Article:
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U-6 Players

Learn About Your U-6 Players

The First Priority of Successful Youth Coaches World-Wide

“Our parents bring us to you to play a game. Even though we may look like pros in our uniforms, we’re not mini-adults; we’re children!
“We don’t have a soccer background. We need to learn from others by seeing and imitating. You are our role model and must teach us.
“We have a very difficult time cooperating with others. Self-centeredness and boastfulness are beginning to decline, but we enjoy group play, showing a preference for small groups.
“We are interested in learning. Many of us know our right from our left, and playing soccer is stimulating for us. We like structure and are willing to apply rules. We’re aware of the rules governing cooperative play, but it’s best to use simple rules only.

“Remember, we had to crawl, walk, run, jump, and hop in that order, so we will develop our soccer skills the same way.
“In general, we will ‘play at’ soccer by imitating rather than actually ‘playing’ soccer. The fun lies in us just kicking the ball rather than passing to a teammate or shooting at the goal.
“The opportunity to experiment with techniques is more important to us than success in the technique. We do not understand the concept of winning/losing, and will therefore believe everyone is a winner!”

Your U-6 Player

Expect all U-6 Players to be technically "weak"

To ensure their first exposure to the game is enjoyable,
expect the following in game situations:


Player with the Ball

  • They will attack both goals. They will release the ball too early – they may not release the ball at all.
  • They think that the game ball is their own ‘toy.’ Most children will want to get possession of the ball to score.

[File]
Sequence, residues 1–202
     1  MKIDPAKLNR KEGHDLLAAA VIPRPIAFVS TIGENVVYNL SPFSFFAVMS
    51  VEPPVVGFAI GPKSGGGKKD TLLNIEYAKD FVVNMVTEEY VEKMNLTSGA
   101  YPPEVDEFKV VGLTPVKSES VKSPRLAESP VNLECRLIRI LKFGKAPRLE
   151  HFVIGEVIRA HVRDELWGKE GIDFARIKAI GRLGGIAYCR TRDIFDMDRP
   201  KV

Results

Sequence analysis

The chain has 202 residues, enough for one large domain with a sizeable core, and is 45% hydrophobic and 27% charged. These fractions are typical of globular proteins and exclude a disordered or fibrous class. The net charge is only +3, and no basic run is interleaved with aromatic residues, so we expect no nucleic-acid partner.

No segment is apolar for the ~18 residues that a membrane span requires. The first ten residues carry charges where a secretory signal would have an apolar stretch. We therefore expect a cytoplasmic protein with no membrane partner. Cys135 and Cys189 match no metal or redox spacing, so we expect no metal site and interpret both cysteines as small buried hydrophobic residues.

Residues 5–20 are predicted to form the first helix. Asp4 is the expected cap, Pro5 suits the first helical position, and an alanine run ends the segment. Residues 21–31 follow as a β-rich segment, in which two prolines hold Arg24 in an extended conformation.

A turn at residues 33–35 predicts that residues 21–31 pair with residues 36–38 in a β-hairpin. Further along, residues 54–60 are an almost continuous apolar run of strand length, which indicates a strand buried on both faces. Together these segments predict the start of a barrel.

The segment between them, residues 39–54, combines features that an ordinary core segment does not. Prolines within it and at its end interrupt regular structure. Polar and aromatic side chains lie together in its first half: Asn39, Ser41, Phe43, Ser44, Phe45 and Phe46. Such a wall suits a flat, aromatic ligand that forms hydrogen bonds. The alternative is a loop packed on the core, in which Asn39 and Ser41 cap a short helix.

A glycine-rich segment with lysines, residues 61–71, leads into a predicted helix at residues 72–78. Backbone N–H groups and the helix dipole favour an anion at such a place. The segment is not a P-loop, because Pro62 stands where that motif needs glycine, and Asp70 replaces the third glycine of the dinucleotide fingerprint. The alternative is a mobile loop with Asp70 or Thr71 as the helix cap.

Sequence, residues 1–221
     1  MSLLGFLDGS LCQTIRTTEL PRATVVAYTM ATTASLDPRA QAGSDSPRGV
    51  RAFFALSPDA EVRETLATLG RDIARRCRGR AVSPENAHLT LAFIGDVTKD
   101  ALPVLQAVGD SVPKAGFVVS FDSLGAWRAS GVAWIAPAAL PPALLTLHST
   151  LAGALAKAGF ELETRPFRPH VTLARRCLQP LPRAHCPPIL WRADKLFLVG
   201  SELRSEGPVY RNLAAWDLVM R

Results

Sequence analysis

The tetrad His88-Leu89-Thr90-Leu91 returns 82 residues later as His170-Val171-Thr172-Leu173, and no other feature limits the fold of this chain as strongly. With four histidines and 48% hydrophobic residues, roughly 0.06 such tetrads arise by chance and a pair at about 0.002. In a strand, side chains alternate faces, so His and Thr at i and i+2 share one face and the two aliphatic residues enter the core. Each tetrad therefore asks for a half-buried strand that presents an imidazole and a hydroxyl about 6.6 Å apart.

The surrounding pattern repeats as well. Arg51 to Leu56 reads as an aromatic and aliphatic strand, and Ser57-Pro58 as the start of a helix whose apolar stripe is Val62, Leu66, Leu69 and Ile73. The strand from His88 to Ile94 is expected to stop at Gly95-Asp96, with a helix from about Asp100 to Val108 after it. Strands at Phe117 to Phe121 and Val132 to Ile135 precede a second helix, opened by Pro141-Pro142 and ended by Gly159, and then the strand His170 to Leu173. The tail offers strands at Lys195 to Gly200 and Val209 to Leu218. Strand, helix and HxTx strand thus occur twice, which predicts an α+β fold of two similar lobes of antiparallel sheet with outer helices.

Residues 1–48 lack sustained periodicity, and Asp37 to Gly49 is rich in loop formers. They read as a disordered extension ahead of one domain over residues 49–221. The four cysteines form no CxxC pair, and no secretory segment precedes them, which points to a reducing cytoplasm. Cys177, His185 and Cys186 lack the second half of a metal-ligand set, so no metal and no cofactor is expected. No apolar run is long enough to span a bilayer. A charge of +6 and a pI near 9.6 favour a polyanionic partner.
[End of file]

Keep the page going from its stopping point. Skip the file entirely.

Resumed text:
• They’ll react too quickly to the flight of the ball.
  • They may shoot toward both goals.
  • Don’t expect any fakes or feints.
  • They can’t find teammates to pass to.


Team with the Ball

  • They will ‘bunch’ around the ball and run in the direction the ball is traveling!
  • They will not understand the concept of space, so any encouragement to ‘spread out’ is absolutely pointless.
  • They will happily chase after the ball while attacking and defending.
  • They will run and change direction in short bursts until they get tired.
  • They cannot, and will not, look for space to run into.


Player closest to the Ball

  • They will defend both goals.  They will kick at the ball with all their might – they may not kick the ball at all.
  • They think that since the game ball is their own ‘toy’, they must get it back.
  • They will chase after the ball because adults are telling them to “get the ball!”
  • During the game, it is more like ‘finding’ the ball.


Team without the Ball

  • They are not defending a goal, but happily chasing after the ball.
  • They may simply watch the ball, or chase after it in the same way, as if attacking.
  • They will happily chase after the ball while attacking and defending.
  • They will run and change direction in short bursts until they get tired.

It takes Time to Learn Everything

At this age, interest in playing soccer needs to be developed in an enjoyable way, so that the children will eventually end up loving to play the game.

It is a fact that coaching younger players can be especially challenging.  Keep in mind that U-6 players can be impatient and easily distracted. This should be expected.  Don’t get frustrated. You can reach and teach all players with the right approach.

The FUNdamental SOCCER Practice is a youth soccer coaching approach that has been proven to work with children. No More: Drills, Eye-foot coordination games, Soccer related games, Lines, Laps, and Lectures. It uses a methodology that is often at odds with the traditional methods but really works with children.

Learn more about the Fundamental Soccer Practice

Up Next: U-6 Modified Laws of the Game 

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